“The one who conquers, I will grant him to sit with me on my throne, as I also conquered and sat down with my Father on his throne.”(Revelation 3:21)
What does Jesus mean when he says this to the church in Laodicea?
Sit with Jesus on his throne? Really?
This is a promise to everyone who conquers, that is, who presses on in faith to the end (1 John 5:4), in spite of every threatening pain and luring, sinful pleasure. So if you are a true believer in Jesus, you will sit on the throne of the Son of God who sits on the throne of God the Father.
I take “throne of God” to signify the right and authority to rule the universe. That’s where Jesus sits. “He must reign,” Paul said, “until he has put all his enemies under his feet” (1 Corinthians 15:25). So when Jesus says, “I will grant him to sit with me on my throne,” he promises us a share in the rule of all things.
Is this what Paul has in mind in Ephesians 1:22–23? “He put all things under [Christ’s] feet and gave him as head over all things to the church, which is his body, the fullness of him who fills all in all.”
We, the church, are “the fullness of him who fills all.” What does that mean? I take it to mean that the universe will be filled with the glory of the Lord (Numbers 14:21). And one dimension of that glory will be the complete and unopposed extension of his rule everywhere.
Therefore, Ephesians 1:23 would mean: Jesus fills the universe with his own glorious rule through us. Sharing in his rule, we are the fullness of his rule. We rule on his behalf, by his power, under his authority. In that sense, we sit with him on his throne.
None of us feels this as we should. It is too much — too good, too amazing. That’s why Paul prays for God’s help that “the eyes of your hearts [would be] enlightened, that you may know what is the hope to which he has called you” (Ephesians 1:18).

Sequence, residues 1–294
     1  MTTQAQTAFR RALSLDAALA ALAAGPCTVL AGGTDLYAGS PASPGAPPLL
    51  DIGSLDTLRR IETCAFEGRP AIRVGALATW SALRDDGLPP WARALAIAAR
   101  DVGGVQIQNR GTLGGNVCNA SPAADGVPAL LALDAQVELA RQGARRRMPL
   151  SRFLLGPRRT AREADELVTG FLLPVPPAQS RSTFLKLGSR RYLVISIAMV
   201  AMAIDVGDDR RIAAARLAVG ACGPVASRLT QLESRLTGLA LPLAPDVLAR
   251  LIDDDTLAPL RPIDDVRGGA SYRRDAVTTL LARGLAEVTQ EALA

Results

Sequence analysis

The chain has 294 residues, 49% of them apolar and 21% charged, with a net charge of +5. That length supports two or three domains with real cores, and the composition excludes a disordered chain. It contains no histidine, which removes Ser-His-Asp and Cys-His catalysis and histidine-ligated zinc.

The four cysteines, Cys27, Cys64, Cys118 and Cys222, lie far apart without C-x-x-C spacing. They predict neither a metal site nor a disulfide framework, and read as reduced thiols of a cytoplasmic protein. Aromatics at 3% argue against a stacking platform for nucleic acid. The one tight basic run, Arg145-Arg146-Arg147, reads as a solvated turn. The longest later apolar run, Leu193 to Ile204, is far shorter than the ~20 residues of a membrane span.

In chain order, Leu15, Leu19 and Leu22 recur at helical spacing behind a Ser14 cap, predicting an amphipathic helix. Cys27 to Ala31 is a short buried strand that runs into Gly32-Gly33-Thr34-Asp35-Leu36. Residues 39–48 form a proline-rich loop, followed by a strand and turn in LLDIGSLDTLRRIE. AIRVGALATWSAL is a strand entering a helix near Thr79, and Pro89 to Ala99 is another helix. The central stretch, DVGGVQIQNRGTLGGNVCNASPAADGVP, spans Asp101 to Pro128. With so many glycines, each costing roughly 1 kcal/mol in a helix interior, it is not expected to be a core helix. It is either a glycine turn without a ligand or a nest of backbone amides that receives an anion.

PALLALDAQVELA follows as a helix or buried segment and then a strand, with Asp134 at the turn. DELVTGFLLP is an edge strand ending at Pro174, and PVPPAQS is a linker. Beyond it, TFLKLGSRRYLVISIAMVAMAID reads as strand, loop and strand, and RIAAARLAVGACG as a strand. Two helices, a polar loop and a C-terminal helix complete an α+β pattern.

Without omnipotent help now, we cannot feel the wonder of what we are destined to become. But if we are granted to feel it, as it really is, all our emotional reactions to this world will change. The strange and radical commands of the New Testament will not be as strange as they once seemed.
By John Piper
Jesus’ longest prayer is in John 17. There, Jesus prays to God as “Father”, which is his common pattern. Every time I preach about it, many people have the same question, “Should we pray to God the Father or can we pray to Jesus and the Holy Spirit?”
That is a common question. As a general rule, most of our praying should be to God the Father. Jesus taught us saying in Matthew 6:9, “Pray then like this: “Our Father in heaven”. Jesus modeled praying to God as Father repeatedly as some 165 times in the four gospels (Matthew, Mark, Luke, John), He refers to God as Father which is His favorite name for God.
Sometimes, it is fine to pray to Jesus. There is an occasion when an early church leader named Stephen prayed to Jesus as he was dying. We read in Acts 7:59 that Stephen saw Jesus in heaven and “he called out, ‘Lord Jesus, receive my spirit’”.
Christian prayer is most often Trinitarian. Practically, this means we pray by the Spirit, through Jesus Christ our mediator, to God the Father. Praying by the Spirit is clearly taught in the Bible. Ephesians 6:18 says we should be, “praying at all times in the Spirit”. Jude 1:20 says we should be, “praying in the Holy Spirit”. Praying through Jesus Christ is what He meant teaching us to pray, “in my name” (John 14:13-14).
There are times, however, when it is sensible to pray to Jesus or the Spirit. For example, if you are reading the Bible and reminded that Jesus died in your place for your sins on the cross, it is a good thing to stop and thank Him for doing that work on your behalf. Or, if you love someone who is far from God and not paying any attention to the bad decisions that are harming their life and relationship with God, you can pray to the Spirit to convict them of their sin as that is one of His ministries (John 16:8).